The idea of taking a day-trip to Salton Sea didn’t appeal to me at first, but my wife always insists on exploring anything and everything, because we might be pleasantly surprised by what we’ll discover.
Before arriving at the visitors’ center of Salton Sea, we stopped at a desolate campground along the shores of this vast body of water. The wind was blowing hard, as if an entity was pushing us to leave, and the foul odor of floating, dead fish emanated from the murky, green water. The shoreline was strewn with small shells and fish skeletons, which crunched under foot. Such a macabre atmosphere led us to wonder if we had accidentally arrived in a parallel universe.
Obviously, we didn’t stay long at the campsite and drove to the main entrance to pay the $5 fee to enter the Salton Sea State Recreation Area. The air remained heavy with the smell of fish, and the breeze off the water coated our tongues and skin with a veil of salt. Some visitors looked confused while wandering the parking lot amid a scattering of RVs, and it simply didn’t feel like a very happy place to be.
When we entered the visitor’ center, our two toddlers broke the silence with their animated voices upon seeing the small gift shop’s collection of stuffed animals, which they enthusiastically took one by one and handed them to the few tourists who were milling around. As I stood there, I wondered how it was possible for this Southern California lake to receive 150,000 visitors each year. Was it slowly being abandoned to the whims of the unforgiving desert?
Creation of the Salton Sea
Millions of years ago, the Gulf of California had extended to the current location of the Salton Sea, depositing silt and ultimately creating an inland body of water. The Sea also has mud volcanoes, which are a result of the very part of the earth that created the lake, and it’s possible to get up close and dirty in the healing, hot mud. Over the centuries, the fresh water from the Colorado River replaced the salt water and turned this area into Lake Cahuilla. Its fertile banks provided a place for the Cahuilla Native Americans to settle and flourish for generations.
About 500 years ago, the Colorado River shifted south and the water started to recede over time, exposing 15-foot thick salt deposits over 1,000 square acres. The attraction of such a landscape inspired farmers to put down roots in the area, construct salt mines and further create irrigation canals from the Colorado River to sustain the productive lands.
In 1905 and 1907, the Colorado River broke through diversion canals and flooded the nearly empty lake, thereby creating a 35-mile long and 15-mile wide body of water. To this day, irrigation from the river transports up to 600 tons of salt deposits each year.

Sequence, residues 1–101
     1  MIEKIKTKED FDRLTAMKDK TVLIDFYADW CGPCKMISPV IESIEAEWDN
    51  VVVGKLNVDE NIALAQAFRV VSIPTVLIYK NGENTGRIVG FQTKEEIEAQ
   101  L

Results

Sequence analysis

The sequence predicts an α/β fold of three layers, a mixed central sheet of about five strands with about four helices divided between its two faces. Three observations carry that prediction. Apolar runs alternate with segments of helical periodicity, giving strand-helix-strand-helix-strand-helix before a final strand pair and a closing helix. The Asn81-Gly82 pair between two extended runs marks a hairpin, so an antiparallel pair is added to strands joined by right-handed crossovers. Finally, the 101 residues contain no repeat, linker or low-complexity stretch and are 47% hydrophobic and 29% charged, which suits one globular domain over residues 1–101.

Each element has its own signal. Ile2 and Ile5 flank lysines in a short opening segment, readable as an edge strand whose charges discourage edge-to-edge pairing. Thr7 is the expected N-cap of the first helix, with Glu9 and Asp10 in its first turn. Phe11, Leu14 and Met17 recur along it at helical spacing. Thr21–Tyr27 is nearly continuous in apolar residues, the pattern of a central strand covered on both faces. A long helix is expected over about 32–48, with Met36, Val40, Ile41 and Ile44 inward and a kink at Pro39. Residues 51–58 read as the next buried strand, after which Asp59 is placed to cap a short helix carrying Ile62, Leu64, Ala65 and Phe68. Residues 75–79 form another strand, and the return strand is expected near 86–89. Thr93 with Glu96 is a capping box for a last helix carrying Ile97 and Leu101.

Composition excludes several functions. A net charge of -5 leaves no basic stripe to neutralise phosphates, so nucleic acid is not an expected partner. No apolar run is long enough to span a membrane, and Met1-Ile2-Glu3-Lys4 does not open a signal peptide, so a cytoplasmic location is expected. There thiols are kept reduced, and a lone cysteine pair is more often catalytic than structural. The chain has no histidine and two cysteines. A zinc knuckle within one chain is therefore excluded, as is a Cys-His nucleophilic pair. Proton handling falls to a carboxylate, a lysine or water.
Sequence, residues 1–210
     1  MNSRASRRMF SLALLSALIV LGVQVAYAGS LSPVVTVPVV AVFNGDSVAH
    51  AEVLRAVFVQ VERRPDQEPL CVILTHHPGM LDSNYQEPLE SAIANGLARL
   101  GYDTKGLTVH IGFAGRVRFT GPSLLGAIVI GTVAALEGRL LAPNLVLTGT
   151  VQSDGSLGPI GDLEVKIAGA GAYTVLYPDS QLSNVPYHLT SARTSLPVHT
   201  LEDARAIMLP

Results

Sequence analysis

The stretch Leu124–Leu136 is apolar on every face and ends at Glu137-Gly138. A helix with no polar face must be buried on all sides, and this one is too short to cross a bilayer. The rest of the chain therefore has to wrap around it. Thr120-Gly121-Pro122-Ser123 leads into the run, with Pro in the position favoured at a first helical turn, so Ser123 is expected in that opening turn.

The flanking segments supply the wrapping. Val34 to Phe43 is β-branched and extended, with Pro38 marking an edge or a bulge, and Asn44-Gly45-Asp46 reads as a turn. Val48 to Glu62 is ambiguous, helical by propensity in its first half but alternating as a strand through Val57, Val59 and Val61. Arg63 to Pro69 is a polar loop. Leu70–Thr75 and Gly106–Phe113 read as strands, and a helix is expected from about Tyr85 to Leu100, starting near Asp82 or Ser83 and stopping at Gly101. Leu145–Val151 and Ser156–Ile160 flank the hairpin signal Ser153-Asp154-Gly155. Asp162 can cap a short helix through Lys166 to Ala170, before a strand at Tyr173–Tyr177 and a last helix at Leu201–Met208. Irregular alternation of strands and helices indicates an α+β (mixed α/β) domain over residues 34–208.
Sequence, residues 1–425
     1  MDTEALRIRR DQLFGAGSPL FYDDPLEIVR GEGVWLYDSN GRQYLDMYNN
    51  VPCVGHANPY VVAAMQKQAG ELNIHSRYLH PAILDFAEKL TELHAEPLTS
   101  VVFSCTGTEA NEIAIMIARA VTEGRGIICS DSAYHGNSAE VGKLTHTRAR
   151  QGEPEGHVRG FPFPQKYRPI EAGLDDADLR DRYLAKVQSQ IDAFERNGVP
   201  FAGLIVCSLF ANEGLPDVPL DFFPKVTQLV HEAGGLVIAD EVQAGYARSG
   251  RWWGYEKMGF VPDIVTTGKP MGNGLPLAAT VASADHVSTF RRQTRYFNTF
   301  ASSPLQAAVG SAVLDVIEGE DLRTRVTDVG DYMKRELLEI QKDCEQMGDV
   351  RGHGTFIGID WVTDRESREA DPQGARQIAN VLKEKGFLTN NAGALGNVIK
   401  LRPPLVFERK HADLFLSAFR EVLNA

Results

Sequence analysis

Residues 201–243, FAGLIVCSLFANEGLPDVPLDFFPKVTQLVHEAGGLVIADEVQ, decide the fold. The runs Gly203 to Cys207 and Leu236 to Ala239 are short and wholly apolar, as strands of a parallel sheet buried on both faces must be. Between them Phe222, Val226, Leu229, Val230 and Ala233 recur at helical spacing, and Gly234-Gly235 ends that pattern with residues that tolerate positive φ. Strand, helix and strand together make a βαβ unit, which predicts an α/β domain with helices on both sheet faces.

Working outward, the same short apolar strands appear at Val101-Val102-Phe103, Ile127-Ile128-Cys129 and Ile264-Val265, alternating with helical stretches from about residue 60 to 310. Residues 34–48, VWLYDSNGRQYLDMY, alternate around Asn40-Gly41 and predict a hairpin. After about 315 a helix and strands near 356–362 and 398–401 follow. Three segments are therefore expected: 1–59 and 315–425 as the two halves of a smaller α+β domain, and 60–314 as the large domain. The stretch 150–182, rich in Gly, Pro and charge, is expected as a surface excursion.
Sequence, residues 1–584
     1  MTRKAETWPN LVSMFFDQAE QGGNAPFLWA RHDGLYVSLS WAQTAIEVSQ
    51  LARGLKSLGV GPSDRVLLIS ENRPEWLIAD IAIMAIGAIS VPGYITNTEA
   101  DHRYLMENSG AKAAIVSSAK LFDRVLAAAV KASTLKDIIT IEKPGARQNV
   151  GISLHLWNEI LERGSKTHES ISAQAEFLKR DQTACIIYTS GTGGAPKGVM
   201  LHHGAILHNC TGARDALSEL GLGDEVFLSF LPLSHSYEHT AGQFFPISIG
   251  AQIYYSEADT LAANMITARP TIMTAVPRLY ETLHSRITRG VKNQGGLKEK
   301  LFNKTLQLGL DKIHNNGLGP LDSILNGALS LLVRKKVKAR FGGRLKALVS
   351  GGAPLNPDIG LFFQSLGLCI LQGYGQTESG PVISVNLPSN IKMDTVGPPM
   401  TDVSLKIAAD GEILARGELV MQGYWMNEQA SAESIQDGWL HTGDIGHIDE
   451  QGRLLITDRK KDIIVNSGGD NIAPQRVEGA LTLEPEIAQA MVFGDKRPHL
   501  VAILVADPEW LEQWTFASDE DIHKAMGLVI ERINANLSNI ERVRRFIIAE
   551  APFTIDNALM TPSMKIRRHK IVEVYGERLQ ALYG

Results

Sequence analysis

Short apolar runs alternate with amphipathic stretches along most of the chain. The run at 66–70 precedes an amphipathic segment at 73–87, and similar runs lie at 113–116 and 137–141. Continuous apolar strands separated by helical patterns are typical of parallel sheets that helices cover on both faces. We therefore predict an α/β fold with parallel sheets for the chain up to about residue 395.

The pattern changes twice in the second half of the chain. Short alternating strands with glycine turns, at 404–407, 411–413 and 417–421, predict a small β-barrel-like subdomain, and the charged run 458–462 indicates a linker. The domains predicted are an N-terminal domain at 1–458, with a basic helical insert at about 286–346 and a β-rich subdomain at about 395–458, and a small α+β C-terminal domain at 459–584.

Salton Sea Recreation
By the late 1950s, the Salton Sea State Recreational Area was quite popular among Southern Californians. Thousands of residents hooked up their boats to trailers and headed to the 360-square-mile lake for fun-filled weekends. It was so popular that it was necessary to create 15 ramps to load the boats in and out the lake. Although, all that remains of the The Desert Beach Club’s “Sunken City Yacht Club” are the ruins of its foundation at the water’s edge.
Today, however, it seems that this paradise for water enthusiasts has lost its appeal, with many parts of the Recreation Area closed to the public. Some reviews say that if you can get past the murky waters and the fishy smell, you’ll have Salton Sea all to yourself. There are several campgrounds, totaling 14,000 camp sites, but to our surprise most were lifeless and sad looking.
They do say, however, that Salton Sea is the perfect location for stargazing due to the absence of light pollution in the area.
Salton Sea today
The Salton Sea is touted as a great spot for bird-watchers, as it’s a breading ground and migratory stop for many birds. It hosts one of the largest variety in North America, with 400 species and sub-species, such as brown pelicans, egrets and cormorants, which depend on the health of the water and a constant population of fish. In 1996 thousands of birds mysteriously began to die off, and it was later determined that the Avian Botulism was responsible for the fatal decline. Although scientists were confused by how the pelican population had contracted the botulism, they discovered that the tilapia fish, which was on the pelicans’ menu, had also been affected. Avian Botulism is common to saline environments, but it isn’t considered to be a huge threat. It’s extremely rare to contract the bacteria while swimming in the sea or from touching the fish.
The tilapia, which thrives in these waters, numbers up to 300,000, but it remains a mystery as to why thousands of them go to shore to die each year. However, it is important to the ecology of the area and offers a feast for the birds.
The evaporation of the water is also a critical issue in the desert, and maintaining a consistent level of it here is key to wild life survival. If the lake were to die, it would mean their extinction.
On a personal note: Albeit creepy, it is beautiful. The water is still and dreamy, with the perfect backdrop of mountains rising behind it. So little is known about this body of water in the middle of nowhere, but it is worth a visit: to understand the task it has in our fragile environment, and learn why many are fighting so hard to save this “engineering mistake.”
If you’re into adventure and exploring weird places, then go and check it out. Bear in mind that the smell of fish is overwhelming, and the beach strewn with fish bones doesn’t make for a pleasant stroll (it’s a must to keep your shoes on). If you do happen to go, please tell us about your experience.
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